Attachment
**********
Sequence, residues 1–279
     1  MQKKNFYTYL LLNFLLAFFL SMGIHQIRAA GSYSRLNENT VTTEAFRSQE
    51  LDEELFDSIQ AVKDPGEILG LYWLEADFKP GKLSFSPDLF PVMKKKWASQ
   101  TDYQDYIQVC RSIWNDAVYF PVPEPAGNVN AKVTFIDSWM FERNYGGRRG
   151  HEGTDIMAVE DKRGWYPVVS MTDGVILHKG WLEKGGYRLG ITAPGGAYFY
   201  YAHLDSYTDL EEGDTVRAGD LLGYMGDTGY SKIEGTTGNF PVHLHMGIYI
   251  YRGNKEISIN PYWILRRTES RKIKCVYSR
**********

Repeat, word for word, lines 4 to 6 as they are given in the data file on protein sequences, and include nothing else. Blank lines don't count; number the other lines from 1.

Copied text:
   101  TDYQDYIQVC RSIWNDAVYF PVPEPAGNVN AKVTFIDSWM FERNYGGRRG
   151  HEGTDIMAVE DKRGWYPVVS MTDGVILHKG WLEKGGYRLG ITAPGGAYFY
   201  YAHLDSYTDL EEGDTVRAGD LLGYMGDTGY SKIEGTTGNF PVHLHMGIYI